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Career and Education Opportunities for Machine Repairmen in Wisconsin

Wisconsin has a population of 5,654,774, which has grown by 5.43% in the last 10 years. Nicknamed the "Badger State," its capital is Madison, though its most populous city is Milwaukee.

There are currently 2,120 working machine repairmen in Wisconsin; this should shrink by 1% to about 2,100 working machine repairmen in the state by 2016. This is not quite as good as the national trend for machine repairmen, which sees this job pool growing by about 4.6% over the next eight years. In general, machine repairmen lubricate machinery, change parts, or perform other routine machinery maintenance.

Income for machine repairmen is about $17 hourly or $37,160 per year on average in Wisconsin. Nationally, their income is about $17 per hour or $36,790 per year. Machine repairmen earn less than people working in the category of Specialized Equipment generally in Wisconsin and less than people in the Specialized Equipment category nationally.

In 2008, there were a total of 3,619,782 jobs in Wisconsin. The average annual income was $37,770 in 2008, up from $36,990 in 2007. The unemployment rate in Wisconsin was 8.5% in 2009, which has grown by 3.7% since the previous year. About 22.4% of Wisconsin residents have college degrees, which is lower than the national average.

The top industries in Wisconsin include dairy product manufacturing, cheese manufacturing, and converted paper product manufacturing. Notable tourist destinations include the A Hotcakes Gallery, the America's Black Holocaust Museum Inc, and the Milwaukee County Historical Society.

CITIES WITH Machine Repairman OPPORTUNITIES IN Wisconsin


JOB DESCRIPTION: Machine Repairman

Machine Repairman video from the State of New Jersey Dept. of Labor and Workforce Development

In general, machine repairmen lubricate machinery, change parts, or perform other routine machinery maintenance.

Every day, machine repairmen are expected to be able to evaluate problems as they arise. They need to control objects and devices with precise control. It is also important that they listen to and understand others in meetings.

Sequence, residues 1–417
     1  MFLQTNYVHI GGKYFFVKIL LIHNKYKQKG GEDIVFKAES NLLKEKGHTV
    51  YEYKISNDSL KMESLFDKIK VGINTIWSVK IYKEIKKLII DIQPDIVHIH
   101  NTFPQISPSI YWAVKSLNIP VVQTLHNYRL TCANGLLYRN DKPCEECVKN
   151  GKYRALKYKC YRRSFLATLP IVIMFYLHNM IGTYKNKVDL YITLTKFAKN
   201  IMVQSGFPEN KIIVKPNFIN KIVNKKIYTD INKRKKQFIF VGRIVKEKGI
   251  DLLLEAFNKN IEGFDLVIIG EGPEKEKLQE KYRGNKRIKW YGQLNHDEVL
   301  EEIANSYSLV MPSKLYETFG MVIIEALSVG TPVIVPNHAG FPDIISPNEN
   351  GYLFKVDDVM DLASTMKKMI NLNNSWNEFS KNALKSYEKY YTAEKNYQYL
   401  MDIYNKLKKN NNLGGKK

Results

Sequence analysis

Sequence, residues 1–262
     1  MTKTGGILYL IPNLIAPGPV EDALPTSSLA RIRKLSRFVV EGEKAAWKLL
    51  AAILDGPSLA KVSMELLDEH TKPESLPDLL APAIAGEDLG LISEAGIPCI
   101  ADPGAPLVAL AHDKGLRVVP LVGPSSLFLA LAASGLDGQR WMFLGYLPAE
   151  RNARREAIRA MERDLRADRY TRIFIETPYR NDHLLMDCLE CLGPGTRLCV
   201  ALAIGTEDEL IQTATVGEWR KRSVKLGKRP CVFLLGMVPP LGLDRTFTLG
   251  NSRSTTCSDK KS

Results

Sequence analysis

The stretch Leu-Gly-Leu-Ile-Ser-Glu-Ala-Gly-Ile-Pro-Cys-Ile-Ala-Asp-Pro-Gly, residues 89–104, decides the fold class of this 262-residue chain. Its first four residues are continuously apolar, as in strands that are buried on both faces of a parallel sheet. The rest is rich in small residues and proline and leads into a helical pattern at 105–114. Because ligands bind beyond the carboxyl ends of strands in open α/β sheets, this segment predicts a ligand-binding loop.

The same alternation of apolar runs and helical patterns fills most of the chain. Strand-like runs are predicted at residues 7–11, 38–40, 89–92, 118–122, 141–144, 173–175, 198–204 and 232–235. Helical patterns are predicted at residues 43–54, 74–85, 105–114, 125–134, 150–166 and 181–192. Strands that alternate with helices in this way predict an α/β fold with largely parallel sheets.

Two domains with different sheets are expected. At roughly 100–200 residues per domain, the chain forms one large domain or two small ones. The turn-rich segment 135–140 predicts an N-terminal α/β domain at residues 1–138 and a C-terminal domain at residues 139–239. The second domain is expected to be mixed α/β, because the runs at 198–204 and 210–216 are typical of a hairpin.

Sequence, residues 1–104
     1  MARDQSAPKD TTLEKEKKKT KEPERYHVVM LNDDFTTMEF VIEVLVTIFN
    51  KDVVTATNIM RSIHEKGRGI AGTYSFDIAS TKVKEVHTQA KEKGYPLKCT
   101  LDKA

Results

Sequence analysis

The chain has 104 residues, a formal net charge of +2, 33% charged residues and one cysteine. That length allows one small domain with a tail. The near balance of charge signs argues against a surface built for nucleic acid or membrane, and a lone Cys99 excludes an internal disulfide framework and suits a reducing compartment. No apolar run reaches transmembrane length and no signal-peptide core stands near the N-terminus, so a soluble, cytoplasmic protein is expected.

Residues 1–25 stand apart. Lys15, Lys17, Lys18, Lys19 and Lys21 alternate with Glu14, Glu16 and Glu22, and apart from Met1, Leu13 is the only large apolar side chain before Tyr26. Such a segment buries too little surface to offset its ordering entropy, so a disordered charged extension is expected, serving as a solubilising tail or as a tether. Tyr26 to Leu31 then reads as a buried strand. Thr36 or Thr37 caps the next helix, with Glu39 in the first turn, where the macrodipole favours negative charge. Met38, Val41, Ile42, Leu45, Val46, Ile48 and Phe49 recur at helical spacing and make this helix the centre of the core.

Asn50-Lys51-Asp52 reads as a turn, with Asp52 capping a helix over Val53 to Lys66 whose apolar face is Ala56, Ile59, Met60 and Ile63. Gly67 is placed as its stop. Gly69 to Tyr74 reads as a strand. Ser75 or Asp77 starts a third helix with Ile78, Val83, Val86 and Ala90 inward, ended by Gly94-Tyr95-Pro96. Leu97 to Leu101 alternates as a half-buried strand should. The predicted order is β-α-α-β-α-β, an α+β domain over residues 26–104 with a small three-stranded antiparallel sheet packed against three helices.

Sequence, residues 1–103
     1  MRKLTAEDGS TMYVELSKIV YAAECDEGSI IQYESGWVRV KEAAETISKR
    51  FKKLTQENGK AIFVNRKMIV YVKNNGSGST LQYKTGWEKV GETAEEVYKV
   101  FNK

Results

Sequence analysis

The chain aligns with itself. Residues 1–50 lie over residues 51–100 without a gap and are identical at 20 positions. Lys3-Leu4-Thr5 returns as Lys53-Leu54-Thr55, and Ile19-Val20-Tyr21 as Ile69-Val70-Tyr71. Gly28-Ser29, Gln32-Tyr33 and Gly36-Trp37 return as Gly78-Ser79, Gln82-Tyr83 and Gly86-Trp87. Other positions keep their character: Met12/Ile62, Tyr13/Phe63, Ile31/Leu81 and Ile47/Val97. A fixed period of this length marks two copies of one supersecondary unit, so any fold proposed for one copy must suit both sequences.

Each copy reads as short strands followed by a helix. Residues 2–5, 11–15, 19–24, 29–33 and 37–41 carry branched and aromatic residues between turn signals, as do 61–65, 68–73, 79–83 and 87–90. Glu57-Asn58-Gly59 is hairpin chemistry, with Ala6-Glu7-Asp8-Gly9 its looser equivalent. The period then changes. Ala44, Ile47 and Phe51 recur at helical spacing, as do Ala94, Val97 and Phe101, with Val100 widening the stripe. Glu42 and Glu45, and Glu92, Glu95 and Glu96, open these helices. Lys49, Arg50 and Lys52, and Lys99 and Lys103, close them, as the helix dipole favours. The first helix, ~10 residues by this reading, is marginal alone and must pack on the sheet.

Similar jobs with educational opportunities in Wisconsin include:

  • Auto Body Mechanic. Repair and refinish automotive vehicle bodies and straighten vehicle frames.
  • Boat Mechanic. Repairs and adjusts electrical and mechanical equipment of gasoline or diesel powered inboard or inboard-outboard boat engines.
  • Farm Equipment Mechanic. Diagnose, adjust, or overhaul farm machinery and vehicles, such as tractors, harvesters, and irrigation systems.
  • Industrial Machinery Mechanic. Repair, install, or maintain industrial production and processing machinery or refinery and pipeline distribution systems.
  • Mechanical Door Repairer. Install, service, or repair opening and closing mechanisms of automatic doors and hydraulic door closers. Includes garage door mechanics.
  • Medical Equipment Repairer. Test, adjust, or repair biomedical or electromedical equipment.
  • Millwright. Install, dismantle, or move machinery and heavy equipment according to layout plans, blueprints, or other drawings.
  • Outdoor Power Equipment Mechanic. Diagnose, adjust, or overhaul small engines used to power lawn mowers, chain saws, and related equipment.
  • Vending Machine Mechanic. Install, service, or repair coin, vending, or amusement machines including video games, juke boxes, or slot machines.

LOCATION INFORMATION: Wisconsin

Wisconsin
Wisconsin photo by KKNiteOwl

Wisconsin has a population of 5,654,774, which has grown by 5.43% in the last 10 years. Nicknamed the "Badger State," its capital is Madison, though its biggest city is Milwaukee. In 2008, there were a total of 3,619,782 jobs in Wisconsin. The average annual income was $37,770 in 2008, up from $36,990 the previous year. The unemployment rate in Wisconsin was 8.5% in 2009, which has grown by 3.7% since the previous year. Roughly 22.4% of Wisconsin residents have college degrees, which is lower than the national average.

The top industries in Wisconsin include dairy product manufacturing, cheese manufacturing, and converted paper product manufacturing. Notable tourist destinations include the Charles Allis Art Museum, the Eisner Museum of Advertising & Design, and the Betty Brinn Children's Museum.